I tried to meander my way through these groups that were so tightly bunched together, each on their own little plot of beach. Of course, we drew many curious looks as we headed toward the water. We were, after all, the only westerners out of the thousands of people there. I still couldn’t get over just how many people would be out so late at night. Even in the afternoon of the 4th of July with perfect weather conditions, you would not see this concentration of people on a beach in San Diego or anywhere in the US. Perhaps it was because Chinese people are so averse to the effects of the sun. Perhaps it was because of a holiday. Perhaps it was the 6-foot waves that came crashing in against the beach every 10 seconds.

It was probably for all of these reasons that so many people had come. We certainly made the most of it in any case. We ran into the water Kamikaze style, well past the line of the most courageous Chinese kids in ankle deep water. We got to the point where the water was about waste deep, then slowed down and looked up. It was coming. It was huge. Soon enough it was rising up to bear all of its weight and force down upon us. We were thrown back like rag dolls as the wave crashed up against the beach. For a brief moment, it stopped as the crowded cautiously stepped backward. Then it began to retreat and pulled us with it, exercising nearly the same force as it brought when it made landfall. Finally it retreated fully, only to be pulled beneath another raging wall that advanced fearlessly toward us.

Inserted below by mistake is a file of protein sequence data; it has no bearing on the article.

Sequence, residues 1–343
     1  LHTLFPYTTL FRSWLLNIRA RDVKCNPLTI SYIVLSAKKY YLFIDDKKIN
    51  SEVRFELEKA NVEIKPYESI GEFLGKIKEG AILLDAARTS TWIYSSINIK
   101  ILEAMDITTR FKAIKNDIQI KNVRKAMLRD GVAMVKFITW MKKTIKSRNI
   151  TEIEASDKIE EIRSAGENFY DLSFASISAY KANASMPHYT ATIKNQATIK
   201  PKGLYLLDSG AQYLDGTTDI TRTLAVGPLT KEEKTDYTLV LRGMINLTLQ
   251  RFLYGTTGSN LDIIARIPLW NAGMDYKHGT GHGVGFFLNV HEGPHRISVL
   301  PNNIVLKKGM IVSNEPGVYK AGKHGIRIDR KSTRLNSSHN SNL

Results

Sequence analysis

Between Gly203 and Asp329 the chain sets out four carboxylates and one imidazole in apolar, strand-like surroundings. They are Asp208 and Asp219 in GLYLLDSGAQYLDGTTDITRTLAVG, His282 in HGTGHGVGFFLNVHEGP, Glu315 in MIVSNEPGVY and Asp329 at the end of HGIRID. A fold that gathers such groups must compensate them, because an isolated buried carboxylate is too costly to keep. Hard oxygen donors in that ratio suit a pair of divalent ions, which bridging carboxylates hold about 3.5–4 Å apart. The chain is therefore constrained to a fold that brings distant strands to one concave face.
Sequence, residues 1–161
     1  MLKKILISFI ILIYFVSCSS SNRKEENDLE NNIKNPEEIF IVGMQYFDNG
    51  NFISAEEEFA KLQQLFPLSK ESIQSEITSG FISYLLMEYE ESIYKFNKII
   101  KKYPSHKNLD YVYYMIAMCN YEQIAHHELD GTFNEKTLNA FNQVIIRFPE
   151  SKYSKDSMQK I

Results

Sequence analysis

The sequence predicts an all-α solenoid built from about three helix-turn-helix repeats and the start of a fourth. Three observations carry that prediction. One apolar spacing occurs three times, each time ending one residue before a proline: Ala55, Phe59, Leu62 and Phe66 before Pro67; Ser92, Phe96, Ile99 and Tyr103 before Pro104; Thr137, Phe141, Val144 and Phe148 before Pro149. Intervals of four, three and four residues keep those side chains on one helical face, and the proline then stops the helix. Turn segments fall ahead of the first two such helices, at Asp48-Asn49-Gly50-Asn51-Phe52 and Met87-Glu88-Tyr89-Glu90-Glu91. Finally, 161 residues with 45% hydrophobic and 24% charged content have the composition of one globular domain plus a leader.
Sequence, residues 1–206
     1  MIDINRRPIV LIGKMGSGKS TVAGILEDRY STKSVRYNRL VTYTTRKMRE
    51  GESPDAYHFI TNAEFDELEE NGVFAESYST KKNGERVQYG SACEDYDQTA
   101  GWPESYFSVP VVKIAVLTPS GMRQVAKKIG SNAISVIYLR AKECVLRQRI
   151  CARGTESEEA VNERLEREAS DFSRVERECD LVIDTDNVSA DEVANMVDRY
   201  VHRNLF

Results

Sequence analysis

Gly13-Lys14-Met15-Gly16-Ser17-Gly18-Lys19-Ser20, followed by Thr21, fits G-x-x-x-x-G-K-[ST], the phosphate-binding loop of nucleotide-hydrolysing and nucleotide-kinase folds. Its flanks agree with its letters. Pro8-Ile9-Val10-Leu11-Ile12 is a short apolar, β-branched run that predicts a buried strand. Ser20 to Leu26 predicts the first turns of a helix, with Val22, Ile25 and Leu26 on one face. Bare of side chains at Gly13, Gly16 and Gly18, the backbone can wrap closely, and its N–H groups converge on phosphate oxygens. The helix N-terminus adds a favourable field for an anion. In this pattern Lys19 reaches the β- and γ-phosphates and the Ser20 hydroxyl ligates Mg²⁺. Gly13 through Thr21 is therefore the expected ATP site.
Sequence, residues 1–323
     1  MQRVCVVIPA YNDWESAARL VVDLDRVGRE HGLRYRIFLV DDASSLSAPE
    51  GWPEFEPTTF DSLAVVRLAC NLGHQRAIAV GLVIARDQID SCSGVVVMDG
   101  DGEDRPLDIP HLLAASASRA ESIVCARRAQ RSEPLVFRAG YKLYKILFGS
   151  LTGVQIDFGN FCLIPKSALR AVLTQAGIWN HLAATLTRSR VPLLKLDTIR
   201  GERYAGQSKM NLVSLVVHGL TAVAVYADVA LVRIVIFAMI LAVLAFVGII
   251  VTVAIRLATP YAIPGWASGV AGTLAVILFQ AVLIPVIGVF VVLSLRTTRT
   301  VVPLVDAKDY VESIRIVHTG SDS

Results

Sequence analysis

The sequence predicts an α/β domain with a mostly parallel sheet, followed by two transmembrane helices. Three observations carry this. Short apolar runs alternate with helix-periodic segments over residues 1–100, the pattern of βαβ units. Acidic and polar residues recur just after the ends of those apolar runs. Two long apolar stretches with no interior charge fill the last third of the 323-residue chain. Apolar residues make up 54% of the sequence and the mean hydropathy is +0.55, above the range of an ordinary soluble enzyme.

We were grinning ear to ear. I was especially excited because this was my first real time in the ocean, and it was a very memorable first experience. There I was, a skinny white guy with two other friends: one an average height, toned white guy, the other an incredibly muscular, tall, black guy. I could tell you which was more entertaining for the thousands of Chinese people around us: the crazy, relentless waves, or us three being thrown around as we made sure to have as much fun as possible. If we lost our footing, we would find ourselves at the mercy of the waves around us. My really muscular friend would practically act like a human bowling ball, being thrown by the crashing wave into the feet of the crowd, causing entire groups of Chinese kids to come crashing down around him.